that they are correct, dare the young student pass such a criticism? Or would such
a critical attitude on his part toward a high
authority be impertinent?
The first paragraph in Rousseau’s Emile
runs as follows: ”Coming from the hand of
the Author of all things, everything is good;
in the hands of man everything degenerates.
Man obliges one soil to nourish the productions of another, one tree to bear the fruits
of another; he mingles and confounds climates, elements, seasons; he mutilates his
dog, his horse, his slave. He overturns ev581
erything, disfigures everything; he loves deformity, monsters; he desires that nothing
should be as Nature made it, not even man
himself. To please him man must be broken in like a horse; man must be adapted
to man’s own fashion, like a tree in his garden.”
At the bottom of the first page of the
translation of Emile by Miss Worthing582
ton is a note by Jules Steeg, Depute, Paris,
bearing on the above first paragraph and
running as follows: ”It is useless to enlarge
upon the absurdity of this theory, and upon
the flagrant contradiction into which Rousseau
allows himself to fall. If he is right, man
ought to be left without education, and the
earth without cultivation. This would not
be even the savage state. But want of space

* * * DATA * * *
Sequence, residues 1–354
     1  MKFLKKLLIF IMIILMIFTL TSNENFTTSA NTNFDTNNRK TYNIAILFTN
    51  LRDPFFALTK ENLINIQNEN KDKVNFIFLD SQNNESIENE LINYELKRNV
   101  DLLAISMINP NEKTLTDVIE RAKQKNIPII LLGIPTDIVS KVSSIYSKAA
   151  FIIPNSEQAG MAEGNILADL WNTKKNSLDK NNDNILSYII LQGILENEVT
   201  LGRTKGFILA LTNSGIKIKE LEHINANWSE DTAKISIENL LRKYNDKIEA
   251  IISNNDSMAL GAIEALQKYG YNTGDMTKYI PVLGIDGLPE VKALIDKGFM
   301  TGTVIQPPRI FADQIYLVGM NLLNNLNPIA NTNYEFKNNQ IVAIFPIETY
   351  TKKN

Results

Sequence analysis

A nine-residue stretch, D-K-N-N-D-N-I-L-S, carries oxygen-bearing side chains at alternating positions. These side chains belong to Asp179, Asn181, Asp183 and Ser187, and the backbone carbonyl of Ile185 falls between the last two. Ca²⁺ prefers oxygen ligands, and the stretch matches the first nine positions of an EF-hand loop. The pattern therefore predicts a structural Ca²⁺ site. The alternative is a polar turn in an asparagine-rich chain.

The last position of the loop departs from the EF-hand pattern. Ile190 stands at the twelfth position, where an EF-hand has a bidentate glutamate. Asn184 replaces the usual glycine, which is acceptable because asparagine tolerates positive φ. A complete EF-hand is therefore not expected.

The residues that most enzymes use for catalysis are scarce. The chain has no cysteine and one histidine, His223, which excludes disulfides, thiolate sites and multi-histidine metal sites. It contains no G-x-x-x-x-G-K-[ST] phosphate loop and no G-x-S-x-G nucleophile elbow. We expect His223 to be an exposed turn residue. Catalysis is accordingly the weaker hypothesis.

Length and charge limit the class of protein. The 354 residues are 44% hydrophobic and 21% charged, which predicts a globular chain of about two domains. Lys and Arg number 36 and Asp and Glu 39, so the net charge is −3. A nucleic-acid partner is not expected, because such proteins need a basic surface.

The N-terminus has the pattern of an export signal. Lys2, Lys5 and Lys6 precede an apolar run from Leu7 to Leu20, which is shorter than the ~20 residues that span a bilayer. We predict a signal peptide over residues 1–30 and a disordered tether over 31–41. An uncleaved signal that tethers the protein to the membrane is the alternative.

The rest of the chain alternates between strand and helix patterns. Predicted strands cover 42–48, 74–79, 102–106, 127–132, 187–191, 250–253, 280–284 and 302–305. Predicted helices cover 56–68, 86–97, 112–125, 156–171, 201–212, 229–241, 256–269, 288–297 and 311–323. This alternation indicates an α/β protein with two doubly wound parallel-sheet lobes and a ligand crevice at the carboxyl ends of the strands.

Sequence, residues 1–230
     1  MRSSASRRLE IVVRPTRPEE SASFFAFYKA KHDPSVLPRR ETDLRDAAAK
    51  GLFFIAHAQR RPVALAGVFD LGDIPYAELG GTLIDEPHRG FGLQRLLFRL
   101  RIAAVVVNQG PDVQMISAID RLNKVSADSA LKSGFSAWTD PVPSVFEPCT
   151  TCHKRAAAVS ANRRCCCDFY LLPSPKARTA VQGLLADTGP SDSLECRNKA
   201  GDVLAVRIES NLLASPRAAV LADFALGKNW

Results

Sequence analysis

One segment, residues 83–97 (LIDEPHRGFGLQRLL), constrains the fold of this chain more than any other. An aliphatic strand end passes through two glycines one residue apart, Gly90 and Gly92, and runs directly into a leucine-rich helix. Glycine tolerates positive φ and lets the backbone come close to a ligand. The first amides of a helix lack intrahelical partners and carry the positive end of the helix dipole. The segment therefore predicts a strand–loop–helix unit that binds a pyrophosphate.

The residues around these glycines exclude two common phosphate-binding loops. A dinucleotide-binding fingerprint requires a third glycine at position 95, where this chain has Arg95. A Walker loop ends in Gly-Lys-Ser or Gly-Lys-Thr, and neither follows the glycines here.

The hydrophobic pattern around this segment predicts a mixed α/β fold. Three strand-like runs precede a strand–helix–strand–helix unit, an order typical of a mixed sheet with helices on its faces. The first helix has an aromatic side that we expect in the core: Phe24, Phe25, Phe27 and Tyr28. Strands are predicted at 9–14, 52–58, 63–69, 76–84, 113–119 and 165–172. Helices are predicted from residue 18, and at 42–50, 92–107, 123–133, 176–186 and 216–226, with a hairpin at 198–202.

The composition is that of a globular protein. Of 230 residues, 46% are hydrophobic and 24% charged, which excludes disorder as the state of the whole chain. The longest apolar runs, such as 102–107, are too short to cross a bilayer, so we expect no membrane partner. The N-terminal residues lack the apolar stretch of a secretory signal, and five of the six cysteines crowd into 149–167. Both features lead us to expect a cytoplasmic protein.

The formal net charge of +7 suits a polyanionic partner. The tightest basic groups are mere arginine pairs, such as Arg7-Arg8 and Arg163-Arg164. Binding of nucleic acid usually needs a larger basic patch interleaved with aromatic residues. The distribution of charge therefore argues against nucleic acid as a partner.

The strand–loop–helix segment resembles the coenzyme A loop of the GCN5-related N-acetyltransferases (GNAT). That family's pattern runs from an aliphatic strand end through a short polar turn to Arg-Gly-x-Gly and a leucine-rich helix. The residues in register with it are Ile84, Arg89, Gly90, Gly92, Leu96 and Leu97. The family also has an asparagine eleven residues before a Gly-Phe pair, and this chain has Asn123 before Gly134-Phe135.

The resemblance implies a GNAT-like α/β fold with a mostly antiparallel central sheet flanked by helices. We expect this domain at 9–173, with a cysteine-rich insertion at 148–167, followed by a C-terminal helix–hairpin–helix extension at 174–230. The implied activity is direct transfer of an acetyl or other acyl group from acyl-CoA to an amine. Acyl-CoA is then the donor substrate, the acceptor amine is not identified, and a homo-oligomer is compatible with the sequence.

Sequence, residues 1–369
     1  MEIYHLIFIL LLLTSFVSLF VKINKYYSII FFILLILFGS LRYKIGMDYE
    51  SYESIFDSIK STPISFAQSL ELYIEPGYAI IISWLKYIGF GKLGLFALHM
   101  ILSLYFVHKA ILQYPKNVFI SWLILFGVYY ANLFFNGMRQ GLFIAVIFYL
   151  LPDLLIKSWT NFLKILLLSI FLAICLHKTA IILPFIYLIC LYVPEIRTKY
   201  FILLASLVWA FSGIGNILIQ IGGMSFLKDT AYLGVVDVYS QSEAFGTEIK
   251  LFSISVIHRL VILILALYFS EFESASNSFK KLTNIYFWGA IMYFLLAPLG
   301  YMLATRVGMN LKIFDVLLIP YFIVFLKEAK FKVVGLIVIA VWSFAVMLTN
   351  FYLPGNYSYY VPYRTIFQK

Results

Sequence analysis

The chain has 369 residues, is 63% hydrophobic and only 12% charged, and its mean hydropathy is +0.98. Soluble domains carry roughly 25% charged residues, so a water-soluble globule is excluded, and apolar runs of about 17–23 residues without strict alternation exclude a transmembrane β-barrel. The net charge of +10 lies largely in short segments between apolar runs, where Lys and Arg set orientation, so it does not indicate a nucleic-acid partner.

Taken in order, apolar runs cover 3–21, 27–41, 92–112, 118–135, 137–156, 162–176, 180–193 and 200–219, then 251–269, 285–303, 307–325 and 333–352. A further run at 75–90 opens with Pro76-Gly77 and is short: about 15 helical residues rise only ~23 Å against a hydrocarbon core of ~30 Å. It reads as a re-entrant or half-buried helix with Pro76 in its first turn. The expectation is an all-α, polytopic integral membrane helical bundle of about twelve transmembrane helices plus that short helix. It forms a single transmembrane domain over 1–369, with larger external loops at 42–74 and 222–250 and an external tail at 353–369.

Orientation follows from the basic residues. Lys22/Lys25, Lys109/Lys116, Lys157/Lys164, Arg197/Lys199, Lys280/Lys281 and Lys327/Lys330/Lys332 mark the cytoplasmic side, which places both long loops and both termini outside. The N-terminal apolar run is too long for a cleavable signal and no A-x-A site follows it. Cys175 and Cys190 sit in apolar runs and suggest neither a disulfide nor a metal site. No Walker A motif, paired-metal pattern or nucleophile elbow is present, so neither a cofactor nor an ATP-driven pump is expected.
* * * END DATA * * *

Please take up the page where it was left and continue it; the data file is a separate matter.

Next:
forbids us to pause at each like statement
of our author, who at once busies himself
in nullifying it.” Opposing statements like
these are certainly enough to place the student in a dilemma.
Proper attitude of the student toward
Here are contradictions in political and
religious beliefs and news items; very dif584
ferent interpretations of historical events;
exaggerations bordering on misrepresentations; and evident omissions and absurdities on the part of educational philosophers.
The weather bureau represents Old Reliability herself, in comparison with authors.
What attitude shall the adult student assume toward such contradictory and faulty
statements? Shall he regard himself as only
a follower, taking each presentation of thought
at its face value, sitting humbly at the feet
of supposed specialists, and carefully preserving in memory as many of their principal opinions and conclusions as possible?
Shall he assume the position of a mere receiver and collector?
That is manifestly impossible, for that
would mean an ego divided a thousand times.
It would prevent the final using of knowledge by the learner, instead of directing its
use wisely; for the many opposing ideas and
cross purposes would nullify one another.
Besides that, wise application requires far
more than a good memory as a guide, since
memory takes no account of the adaptations always required by new conditions.
Whether he likes it or not, the student
cannot escape the responsibility of determining for himself the fairness and general
reliability of the newspapers and magazines
that he reads; he must expect bias in historians, and must measure the extent of
it as well as he can by studying their biographies and by observing their care in regard to data and logic; he must scrutinize
very critically the ideas of the world’s great588
est essayists and dramatists. If a philosopher, like Rousseau, offers brilliant truths
on one page, and equally brilliant perversions of truth on the next page, the student must ponder often and long in order to
keep his bearings; and if footnotes attempt
to point out some of these absurdities, he
must decide for himself whether Rousseau
or the commentator shows the superior wis589
dom. ”Above all,” says Koopman, ”he [the
student] must make sure how far he can